Ever since I have left university almost ten years ago I have been thinking about what it means to be an entrepreneur. At first, I struggled because I approached the task the wrong way. As most of my fellow students who were dreaming to start a company or at least take an outstanding career path I thought that I first needed the one great idea or invention in order to start up. While most people set aside their dreams to accept a more or less decent job offer at some point in time, I kept on looking for the right way to start off.
An investment in knowledge pays the best interest. This famous quote by Benjamin Franklin is probably the best description of how important life-long learning is. I truly believe in the necessity of constant and never ending improvement in order to being able to see the big picture. To me, it is very important to look beyond the boundaries and get in-depth input. And I know that I only can achieve this by staying curious.
Where do you want to go today?
There many ways to take a stand. A clear positing is a foundation of success - in personal settings and in business. This matrix (inspired by Seth Godin) exemplifies the notion of entrepreneurship in a very good manner. It shows that passion and judgement are the core entrepreneurial success.
After having defined what games actually are it is now important to identify what motivates players to play games. The question whether intrinsic or extrinsic reward mechanisms have to be triggered in order to motivate players sustainably has been subject to many studies in recent years. At first sight, external influences play a major role in gaming and related marketing activities. That is why reward and incentive structures are an essential part of almost any game on the market.
The question how players can be intrinsically motivated to play or keep playing a game is the core of game design. McGonigal argues that players always try to reach the limits of their ability instinctively. During the course of a game, players cease to think and act reasonably compared to real-world practices. Instead, they seem to dive into the virtual world and start to focus on the peculiar reality of the game. This “narrowing of consciousness” is considered to be achievement-oriented motivation.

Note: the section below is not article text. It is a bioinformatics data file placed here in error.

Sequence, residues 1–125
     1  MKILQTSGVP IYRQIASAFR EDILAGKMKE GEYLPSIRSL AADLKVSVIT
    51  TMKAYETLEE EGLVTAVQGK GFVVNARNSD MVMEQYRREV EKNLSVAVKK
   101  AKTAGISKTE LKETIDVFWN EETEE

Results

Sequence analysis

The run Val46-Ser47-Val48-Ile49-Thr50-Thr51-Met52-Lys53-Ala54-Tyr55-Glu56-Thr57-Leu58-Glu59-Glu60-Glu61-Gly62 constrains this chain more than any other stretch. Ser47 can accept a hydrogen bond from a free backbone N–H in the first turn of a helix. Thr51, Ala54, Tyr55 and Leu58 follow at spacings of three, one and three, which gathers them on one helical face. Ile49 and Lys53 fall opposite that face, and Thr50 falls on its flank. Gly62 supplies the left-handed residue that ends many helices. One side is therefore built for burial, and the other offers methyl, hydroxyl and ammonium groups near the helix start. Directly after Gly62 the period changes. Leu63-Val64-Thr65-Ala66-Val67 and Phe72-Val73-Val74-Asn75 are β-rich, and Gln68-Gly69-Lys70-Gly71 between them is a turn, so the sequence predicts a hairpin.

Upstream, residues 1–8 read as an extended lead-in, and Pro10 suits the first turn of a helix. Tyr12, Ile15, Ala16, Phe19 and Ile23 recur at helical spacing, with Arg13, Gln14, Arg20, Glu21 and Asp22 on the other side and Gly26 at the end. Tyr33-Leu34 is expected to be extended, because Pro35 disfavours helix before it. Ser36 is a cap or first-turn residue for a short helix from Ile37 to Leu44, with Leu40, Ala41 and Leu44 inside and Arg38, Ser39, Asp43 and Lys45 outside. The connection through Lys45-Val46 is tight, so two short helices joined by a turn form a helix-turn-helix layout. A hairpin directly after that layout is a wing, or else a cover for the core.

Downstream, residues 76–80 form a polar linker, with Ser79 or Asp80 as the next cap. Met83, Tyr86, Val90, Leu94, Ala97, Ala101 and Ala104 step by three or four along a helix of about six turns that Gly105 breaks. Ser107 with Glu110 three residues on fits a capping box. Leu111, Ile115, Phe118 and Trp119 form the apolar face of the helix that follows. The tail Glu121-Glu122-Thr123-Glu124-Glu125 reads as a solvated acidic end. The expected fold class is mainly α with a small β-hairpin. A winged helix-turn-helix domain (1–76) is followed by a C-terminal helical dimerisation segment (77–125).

THE CHALLENGE OF DEFINING A GAME
The recent success of video games has led to a progressive adoption of game mechanisms in everyday products and services. Social science researchers have observed that the increasing ubiquity of gaming is having a formative impact on society. The world of video games has become more and more interwoven with cultural habits in everyday life. In recent years, sociologists have started to look at this ludification of culture in a more detailed fashion.
The analysis of both academic and practical definitions has shown that despite the many differences there are substantial similarities between all definition of games. What all these definitions have in common is the fact that they describe games as simulated and formal systems that include the notion of decision-making based on a pre-defined set of rules.
In recent years, a lot of attention has been drawn to the question how the engaging and gameful mechanisms found in video games can be transferred to non-game applications in order to engage users in a sustainable fashion. In short: we are talking about gamification! Throughout the scene people claim that companies can hugely benefit from adapting game mechanisms to the design of their products and services.
Among the many business books I have read in the last five years, the “Business Model Generation (BMG)” by Alexander Osterwalder has definitely the most impact on the way I approach business modeling today. The reason why this handbook simply changed the way I think about business models is simple: “BMG” manages to re-organize a very complex matter in a very simplistic and visual format. The business model canvas is a modular design system which correlates all the essential building blocks that make up a successful business model.